Sentinel-1 soon to make first laser link
The Sentinel-1 Earth observation satellite, set for launch on Thursday as the first space element of Europe’s Copernicus global monitoring programme, will be the anchor customer of another milestone ESA programme: the laser-equipped European Data Relay System.
This SpaceDataHighway will transmit information between satellites faster than ever, using laser links. The first EDRS element will be launched in 2015, and before then Sentinel will be able to connect through a precursor payload.
This precursor is a hosted package furnished by DLR on Europe’s biggest telecom satellite, Alphasat, launched in July 2013 and developed through a public–private partnership between ESA and Inmarsat. The Laser Communication Terminal is demonstrating the use of laser technology for collecting information from the congested low orbits and then transmitting it to Earth from its lofty position in geostationary orbit, 36 000 km up. The terminal was tested with ESA’s optical ground station in Tenerife in November 2013, proving all is working as it should and is ready for action.
Sentinel-1 is expected to start a series of successively more extensive link sessions with the terminal 6–8 weeks after launch.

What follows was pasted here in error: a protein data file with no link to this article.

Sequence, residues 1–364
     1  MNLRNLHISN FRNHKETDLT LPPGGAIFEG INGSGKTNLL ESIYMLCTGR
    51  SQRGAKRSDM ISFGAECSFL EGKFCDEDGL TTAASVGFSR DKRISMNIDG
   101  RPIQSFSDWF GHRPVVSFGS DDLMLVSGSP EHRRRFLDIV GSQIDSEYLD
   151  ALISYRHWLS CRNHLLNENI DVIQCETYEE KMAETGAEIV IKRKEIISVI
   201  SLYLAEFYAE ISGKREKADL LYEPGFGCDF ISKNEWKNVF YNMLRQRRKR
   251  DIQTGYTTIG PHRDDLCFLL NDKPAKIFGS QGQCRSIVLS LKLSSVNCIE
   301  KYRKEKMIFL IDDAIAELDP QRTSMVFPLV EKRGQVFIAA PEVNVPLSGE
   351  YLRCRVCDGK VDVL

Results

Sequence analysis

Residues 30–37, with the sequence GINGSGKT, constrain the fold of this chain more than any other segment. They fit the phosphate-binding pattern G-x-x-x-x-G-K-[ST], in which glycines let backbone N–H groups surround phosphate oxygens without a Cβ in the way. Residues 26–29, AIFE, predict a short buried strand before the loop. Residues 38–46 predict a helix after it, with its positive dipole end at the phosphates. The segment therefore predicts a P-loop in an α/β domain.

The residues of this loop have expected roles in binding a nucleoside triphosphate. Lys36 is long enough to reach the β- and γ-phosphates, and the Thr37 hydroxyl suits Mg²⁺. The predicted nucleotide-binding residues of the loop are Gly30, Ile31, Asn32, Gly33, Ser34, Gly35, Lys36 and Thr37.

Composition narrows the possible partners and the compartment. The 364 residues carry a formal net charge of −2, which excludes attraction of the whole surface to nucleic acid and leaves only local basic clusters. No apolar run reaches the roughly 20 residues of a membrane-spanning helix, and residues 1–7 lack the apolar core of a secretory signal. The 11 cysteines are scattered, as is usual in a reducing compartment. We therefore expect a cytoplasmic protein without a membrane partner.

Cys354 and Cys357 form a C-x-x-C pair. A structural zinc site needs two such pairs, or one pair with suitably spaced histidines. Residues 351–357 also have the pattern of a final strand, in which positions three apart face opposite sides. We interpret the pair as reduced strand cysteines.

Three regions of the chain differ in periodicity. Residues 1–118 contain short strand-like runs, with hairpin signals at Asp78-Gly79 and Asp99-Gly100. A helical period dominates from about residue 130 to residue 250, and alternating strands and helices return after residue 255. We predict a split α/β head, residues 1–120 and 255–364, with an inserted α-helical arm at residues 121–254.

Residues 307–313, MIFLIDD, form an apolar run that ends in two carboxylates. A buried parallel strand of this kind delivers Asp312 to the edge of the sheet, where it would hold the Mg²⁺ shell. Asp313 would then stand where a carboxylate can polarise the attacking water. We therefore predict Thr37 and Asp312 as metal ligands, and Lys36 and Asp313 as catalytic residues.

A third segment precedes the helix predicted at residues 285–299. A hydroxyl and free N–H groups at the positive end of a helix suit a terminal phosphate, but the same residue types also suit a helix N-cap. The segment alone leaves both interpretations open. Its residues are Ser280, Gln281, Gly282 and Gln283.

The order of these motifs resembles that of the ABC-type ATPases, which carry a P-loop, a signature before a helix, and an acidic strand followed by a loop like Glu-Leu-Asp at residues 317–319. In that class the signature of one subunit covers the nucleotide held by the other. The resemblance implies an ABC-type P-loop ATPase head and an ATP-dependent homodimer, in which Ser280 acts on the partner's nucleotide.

Lasers can carry much more data at a much faster rate than traditional radio links, which addresses our ever-growing need for communication services delivered by satellite.
In particular, EDRS will be used by the Sentinels and other customers for environmental monitoring and disaster mitigation. These applications benefit greatly from rapid response times and the ability to receive large amounts of information at once.
It is estimated that Copernicus will require the SpaceDataHighway to transmit a large part of the six terabytes of data every day to the ground. Without laser communication, this would be difficult.
This new route also solves the problem of the limited ability of satellites in lower orbits to deliver time-critical information – they transmit data only when in sight of a ground station. The rest of the time, valuable information must be stored. Typically, this means only around 10 minutes of downlink per orbit, which is only a tenth of the total duration of each orbital journey. EDRS will boost the connection time by a factor of up to five.
The SpaceDataHighway will provide near-continuous availability of a link to the ground, thereby greatly improving the timely availability of data on the ground.
EDRS is a public–private partnership between ESA and Airbus Defence and Space. It will provide a fully commercial service to users all over the world following its launches in 2015 and 2016. Until then, the Sentinels will demonstrate the effectiveness of lasers in space.